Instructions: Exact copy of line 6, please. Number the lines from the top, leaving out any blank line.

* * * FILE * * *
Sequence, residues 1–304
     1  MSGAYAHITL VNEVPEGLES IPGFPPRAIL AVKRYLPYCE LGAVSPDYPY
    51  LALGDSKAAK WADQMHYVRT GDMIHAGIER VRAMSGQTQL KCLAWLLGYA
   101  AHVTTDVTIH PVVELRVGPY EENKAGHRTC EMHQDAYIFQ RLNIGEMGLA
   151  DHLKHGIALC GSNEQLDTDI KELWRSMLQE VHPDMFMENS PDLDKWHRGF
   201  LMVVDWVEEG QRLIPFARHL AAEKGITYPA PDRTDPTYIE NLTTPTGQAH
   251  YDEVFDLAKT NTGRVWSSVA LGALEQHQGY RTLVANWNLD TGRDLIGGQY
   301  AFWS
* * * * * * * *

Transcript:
   201  LMVVDWVEEG QRLIPFARHL AAEKGITYPA PDRTDPTYIE NLTTPTGQAH